The Californian (1860s newspaper)

From Wikipedia, the free encyclopedia
Jump to: navigation, search

The Californian was a San Francisco literary newspaper published weekly from May 28, 1864 until February 1, 1868.[1]

History[edit]

The Californian was started in May 1864 by publishers P.J. Thomas, A.A. Stickney and John Collner.[1] Charles Henry "Inigo" Webb was the first editor, and Fitz Hugh Ludlow was one of the first contributors. Bret Harte was an editor, and Mark Twain was hired at a salary of $50 per month. Harte contributed articles as well, and the periodical jumped to the fore among its competitors in the San Francisco Bay Area including the Golden Era.[2][3]

The paper was published in the "imperial size", an industry term. It measured 22 inches across and thirty inches high with easy to read pages that ran three columns across.[4] According to Ben Tarnoff, "Readers expecting tales of honest miners, or lyrical tributes to California's landscape, would be disappointed. Like Harte himself, the Californian took pleasure in puncturing cliches. It could be populist or aristocratic, radical or conservative--but always contrarian."[4]

The publication featured poetry and condensed novels by Harte—these poked fun at the literary styling of authors such as Charles Dickens, Mary Elizabeth Braddon and James Fenimore Cooper.[4] Twain also contributed his condensed novels Whereas and Lucretia Smith's Soldier. Several other San Franciscan poets contributed including Harte, Charles Warren Stoddard and Ina Coolbrith.[4]

After a period of rest at Lake Tahoe, Webb resumed editing duties in November 1864. He continued in this role until April 1865.[1]

Twain submitted "The Celebrated Jumping Frog of Calaveras County" which was published in December 1865 (it had been originally published in the Saturday Press).[4] This story and others were later published in a book of the same title.[5][6] Webb had become both owner and editor of The Californian. By 1866, however, Webb disassociated from the publication and returned to the East Coast after his irreverent tone and burlesque style which frequently targeted California life and Californians did not endear him to his audience.[7] Writer and poet James F. Bowman then served as de facto editor.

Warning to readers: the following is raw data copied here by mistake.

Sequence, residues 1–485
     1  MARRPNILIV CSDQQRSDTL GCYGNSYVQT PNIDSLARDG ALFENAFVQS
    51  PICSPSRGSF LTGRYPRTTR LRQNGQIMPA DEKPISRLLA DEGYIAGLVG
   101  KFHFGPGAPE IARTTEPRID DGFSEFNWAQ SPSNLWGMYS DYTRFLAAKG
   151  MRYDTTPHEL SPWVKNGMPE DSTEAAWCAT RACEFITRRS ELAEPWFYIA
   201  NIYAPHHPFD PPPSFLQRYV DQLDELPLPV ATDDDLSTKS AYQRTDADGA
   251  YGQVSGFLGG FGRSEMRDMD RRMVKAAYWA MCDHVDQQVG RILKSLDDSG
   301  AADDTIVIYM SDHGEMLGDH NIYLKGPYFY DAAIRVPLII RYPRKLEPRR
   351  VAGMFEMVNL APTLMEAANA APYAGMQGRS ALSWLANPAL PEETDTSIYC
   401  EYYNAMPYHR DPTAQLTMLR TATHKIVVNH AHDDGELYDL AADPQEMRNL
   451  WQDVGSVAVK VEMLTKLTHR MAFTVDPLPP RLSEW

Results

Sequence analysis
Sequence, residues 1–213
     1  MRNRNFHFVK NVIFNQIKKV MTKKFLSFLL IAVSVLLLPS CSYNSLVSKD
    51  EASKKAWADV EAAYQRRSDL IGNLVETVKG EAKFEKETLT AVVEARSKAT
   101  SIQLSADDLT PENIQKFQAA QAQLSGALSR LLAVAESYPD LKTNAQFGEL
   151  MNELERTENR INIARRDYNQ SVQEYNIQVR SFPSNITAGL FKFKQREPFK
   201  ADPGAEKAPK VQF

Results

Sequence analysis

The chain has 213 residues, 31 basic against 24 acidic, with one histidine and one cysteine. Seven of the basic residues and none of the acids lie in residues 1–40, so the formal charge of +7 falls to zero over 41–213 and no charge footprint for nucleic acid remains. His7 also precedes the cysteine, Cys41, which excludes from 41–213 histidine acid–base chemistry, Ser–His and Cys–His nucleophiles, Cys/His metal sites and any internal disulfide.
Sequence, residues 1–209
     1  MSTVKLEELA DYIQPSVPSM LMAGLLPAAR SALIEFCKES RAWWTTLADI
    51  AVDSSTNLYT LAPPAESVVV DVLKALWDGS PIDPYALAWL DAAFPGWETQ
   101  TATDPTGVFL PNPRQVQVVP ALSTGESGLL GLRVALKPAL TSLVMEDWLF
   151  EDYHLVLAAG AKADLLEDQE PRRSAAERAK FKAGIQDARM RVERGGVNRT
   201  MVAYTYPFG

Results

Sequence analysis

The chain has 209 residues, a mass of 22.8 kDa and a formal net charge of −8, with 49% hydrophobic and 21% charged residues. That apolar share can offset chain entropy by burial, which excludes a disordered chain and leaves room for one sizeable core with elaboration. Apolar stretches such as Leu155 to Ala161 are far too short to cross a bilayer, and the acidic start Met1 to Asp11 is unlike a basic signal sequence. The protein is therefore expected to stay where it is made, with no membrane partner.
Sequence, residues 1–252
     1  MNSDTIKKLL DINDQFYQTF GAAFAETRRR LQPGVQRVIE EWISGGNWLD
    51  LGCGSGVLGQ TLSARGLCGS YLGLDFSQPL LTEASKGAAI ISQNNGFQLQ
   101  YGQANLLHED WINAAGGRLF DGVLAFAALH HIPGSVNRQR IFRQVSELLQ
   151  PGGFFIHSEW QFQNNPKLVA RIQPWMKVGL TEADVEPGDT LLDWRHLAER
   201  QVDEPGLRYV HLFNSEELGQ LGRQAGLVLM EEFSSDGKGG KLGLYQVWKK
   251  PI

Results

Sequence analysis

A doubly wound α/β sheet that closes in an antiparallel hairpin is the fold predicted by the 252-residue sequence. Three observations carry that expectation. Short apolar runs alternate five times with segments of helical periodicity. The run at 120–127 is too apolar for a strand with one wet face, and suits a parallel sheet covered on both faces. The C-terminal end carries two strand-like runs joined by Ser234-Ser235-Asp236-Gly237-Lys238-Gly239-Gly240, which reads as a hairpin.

Ambrose Bierce's first contribution to The Californian was in September 1867, a poem entitled "The Basilica". He followed with his first non-fiction essay, "Female Suffrage", in December.[8]

Charles Warren Stoddard was brought on board late in the life of The Californian. Stoddard expected to write articles, but instead kept the books and mailed subscriptions. Stoddard and Bierce became good friends.[9] In 1867, Stoddard wrote a book of poetry entitled Poems. Bowman wrote a grandiose review of Stoddard's work in The Californian, then turned around and savaged both Stoddard and his earlier review, writing anonymously in the de Young paper Dramatic Chronicle.[9]

The paper was initially located at 728 Montgomery Street in San Francisco but by April 1865 was moved to an alley off of Montgomery Street.[4]

References[edit]

  1. ^ a b c Library of Congress. Chronicling America. About this Newspaper: The Californian. Retrieved on July 28, 2009.
  2. ^ Paine, Albert Bigelow. Mark Twain: a biography; the personal and literary life of Samuel Langhorne Clemens, Harper & Brothers, 1912, p. 261.
  3. ^ Caron, James E. Mark Twain: Unsanctified Newspaper Reporter. Columbia: University of Missouri Press, 2008: 217. ISBN 978-0-8262-1802-5
  4. ^ a b c d e f Tarnoff, Benjamin (2014). The Bohemians: Mark Twain and the San Francisco Writers Who Reinvented American Literature. Penguin Books. ISBN 9781594204739. 
  5. ^ Twainquotes.com. Mark Twain in The Californian, 1864–1867. Retrieved on July 28, 2009.
  6. ^ Taper, Bernard (2003). Mark Twain's San Francisco. Heyday Books. p. 150. ISBN 1-890771-69-4. 
  7. ^ Caron, James E. Mark Twain: Unsanctified Newspaper Reporter. Columbia: University of Missouri Press, 2008: 218. ISBN 978-0-8262-1802-5
  8. ^ Swaim, Don. Bierce Chronology
  9. ^ a b Austen, Roger; John W. Crowley. The Genteel Pagan: The Double Life of Charles Warren Stoddard, University of Massachusetts Press, 1995, pp. 54, 58. ISBN 0-87023-980-5